Mr Kyith Ng, 37, knows what it means to get by on a monthly budget of about $300 — a national serviceman recruit’s allowance in 1999. He even managed to save part of that.
Although today, he is a successful IT operations and support engineer at a public-listed company, bread-and-butter concerns occupied most of his youth. Then, his contractor father and homemaker mother could not count on a stable household income to raise their family of four.
When the Asian financial crisis hit in 1997, jobs dried up, leaving the family to get by on just their savings. This triggered his decision to stop taking pocket money from his parents and subsist solely on what he earned.
Mr Ng recalls: “I stopped taking pocket money. My parents did not share with me how problematic it was, but when I realised my dad was not getting any work, it was a challenge just to see if I could stop taking pocket money.
“A year before coming out to work in 2003, reality started hitting hard. My seniors told me the majority of their cohort couldn't find a job. So, my perception about the world changed. Fear set in.”
He started a blog, faithfully documenting his investment journey over 13 years. His entries included topics such as: “How Does the Perfect REIT Look Like in the Eyes Of Experienced Investors”, “The Wealthy Formula – How You Can Build Sustainable Wealth” and how to analyse an airline stock.
Mr Ng started focusing on active stock investing, dividend investing, building up wealth, and addressed issues of financial security and independence.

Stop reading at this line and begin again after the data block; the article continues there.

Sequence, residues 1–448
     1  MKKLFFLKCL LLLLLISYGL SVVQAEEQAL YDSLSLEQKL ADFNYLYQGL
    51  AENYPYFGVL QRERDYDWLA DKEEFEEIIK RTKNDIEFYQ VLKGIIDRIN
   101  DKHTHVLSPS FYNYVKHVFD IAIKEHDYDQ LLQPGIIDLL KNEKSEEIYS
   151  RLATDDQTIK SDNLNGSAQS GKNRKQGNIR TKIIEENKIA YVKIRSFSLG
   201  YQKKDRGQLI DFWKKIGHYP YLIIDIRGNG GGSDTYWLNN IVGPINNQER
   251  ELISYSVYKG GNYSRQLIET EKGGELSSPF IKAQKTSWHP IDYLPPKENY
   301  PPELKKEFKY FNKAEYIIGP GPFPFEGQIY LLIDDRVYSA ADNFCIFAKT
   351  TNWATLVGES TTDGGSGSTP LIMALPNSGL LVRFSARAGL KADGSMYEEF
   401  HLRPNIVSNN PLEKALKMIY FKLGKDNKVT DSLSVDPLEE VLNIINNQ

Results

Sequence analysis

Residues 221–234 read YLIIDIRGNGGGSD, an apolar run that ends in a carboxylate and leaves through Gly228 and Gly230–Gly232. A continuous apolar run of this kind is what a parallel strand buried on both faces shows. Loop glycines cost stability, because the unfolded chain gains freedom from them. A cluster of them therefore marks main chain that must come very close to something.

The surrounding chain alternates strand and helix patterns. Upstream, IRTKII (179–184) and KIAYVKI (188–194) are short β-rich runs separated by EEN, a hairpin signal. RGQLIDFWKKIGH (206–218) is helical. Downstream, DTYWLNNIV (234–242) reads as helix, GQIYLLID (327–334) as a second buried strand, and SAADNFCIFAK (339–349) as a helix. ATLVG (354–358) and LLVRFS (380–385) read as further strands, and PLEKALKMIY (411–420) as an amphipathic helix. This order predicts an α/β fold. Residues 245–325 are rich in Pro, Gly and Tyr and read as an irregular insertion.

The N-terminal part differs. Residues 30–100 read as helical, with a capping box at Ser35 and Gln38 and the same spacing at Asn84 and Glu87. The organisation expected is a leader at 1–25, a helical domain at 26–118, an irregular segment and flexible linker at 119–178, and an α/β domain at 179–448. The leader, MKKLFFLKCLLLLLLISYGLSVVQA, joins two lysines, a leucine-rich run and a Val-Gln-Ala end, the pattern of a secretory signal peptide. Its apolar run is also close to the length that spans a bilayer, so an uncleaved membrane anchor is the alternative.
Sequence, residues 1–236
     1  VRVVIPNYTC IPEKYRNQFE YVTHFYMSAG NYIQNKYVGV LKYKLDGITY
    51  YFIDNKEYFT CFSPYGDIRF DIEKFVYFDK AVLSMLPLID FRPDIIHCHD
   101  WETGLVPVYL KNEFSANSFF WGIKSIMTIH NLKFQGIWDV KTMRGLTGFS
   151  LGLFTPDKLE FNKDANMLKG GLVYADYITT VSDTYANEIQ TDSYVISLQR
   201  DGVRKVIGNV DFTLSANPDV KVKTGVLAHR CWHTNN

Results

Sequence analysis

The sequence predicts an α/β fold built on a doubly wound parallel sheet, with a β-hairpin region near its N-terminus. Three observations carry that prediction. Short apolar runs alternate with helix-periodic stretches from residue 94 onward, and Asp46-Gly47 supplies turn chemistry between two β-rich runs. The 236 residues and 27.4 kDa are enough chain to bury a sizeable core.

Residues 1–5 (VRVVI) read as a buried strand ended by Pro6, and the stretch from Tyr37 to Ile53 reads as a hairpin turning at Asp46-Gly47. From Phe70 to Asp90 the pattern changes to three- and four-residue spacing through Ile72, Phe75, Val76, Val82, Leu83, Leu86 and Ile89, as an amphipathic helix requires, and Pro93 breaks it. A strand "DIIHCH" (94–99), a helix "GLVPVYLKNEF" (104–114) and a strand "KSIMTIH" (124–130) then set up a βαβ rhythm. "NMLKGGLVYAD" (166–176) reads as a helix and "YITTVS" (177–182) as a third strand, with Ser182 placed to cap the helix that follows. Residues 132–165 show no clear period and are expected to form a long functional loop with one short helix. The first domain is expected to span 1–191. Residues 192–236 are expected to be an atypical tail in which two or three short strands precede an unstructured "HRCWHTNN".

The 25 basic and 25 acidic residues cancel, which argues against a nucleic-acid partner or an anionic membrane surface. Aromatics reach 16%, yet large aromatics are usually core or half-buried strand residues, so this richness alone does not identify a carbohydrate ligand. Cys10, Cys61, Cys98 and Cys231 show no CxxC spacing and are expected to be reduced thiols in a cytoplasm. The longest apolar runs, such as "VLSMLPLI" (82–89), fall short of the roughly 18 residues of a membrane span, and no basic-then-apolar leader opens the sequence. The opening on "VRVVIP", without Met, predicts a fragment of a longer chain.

“Some of my best work is found in Building your Wealth Foundation. It is a bit philosophical, and lets readers in on the mathematics and philosophy that makes them look at how wealth is built in another way,” he says.
Today, his blog has over 100,000 page views a month. Annually, it generates in advertising dollars, about double what he was making during national service. Plus, his monthly cash flow from his investment portfolio is 10 times that recruit’s allowance.
To date, his most popular blog entry is Best Singapore Short Term Savings Account for 2018.
Mr Ng says: “Short-term savings is a popular topic because in Singapore, most people build their wealth primarily through properties and short-term savings. That is the harsh reality.”
He also documents his own personal investments, including his gains and losses in a detailed spreadsheet. Although not Instagram worthy, his blog has nonetheless, grown into a powerful platform for learning, sharing, discussion and even making new friends.
A financial blog for his peers
What topics does the blog cover?
My blog covers active stock investing, dividend investing, building up your wealth in general, financial security and independence.
What tone of voice does it use to couch its points?
It’s a first-person perspective since I am the only writer here. And it’s more of my personal interaction on the subject.
What sort of feedback have you received?
That my content triggered readers to look at building wealth, financial independence and money in different ways.
What’s the most gratifying thing about maintaining it?
The most gratifying thing is that you make new friends through the blog. Money is a topic that is seldom discussed on a personal level, and people on a personal level, complain about the lack of it, not the actual nuance of tackling it.
Through this blog, you find online peers that became good friends because we all have an outlet to discuss these things. The most profitable part of the blog isn't the amount your blog earns. That is peanuts compared to the smart folks who have humbled me by presenting their separate theses that tell me I missed out on something. That probably saves me thousands to tens of thousands per year. And that compounds.
What are your upcoming plans for the blog?
Not much. I asked myself if I would continue writing. I would if I still like it, and there isn't a better hobby than this. As long as I have an audience I would try to write something that provides value to them.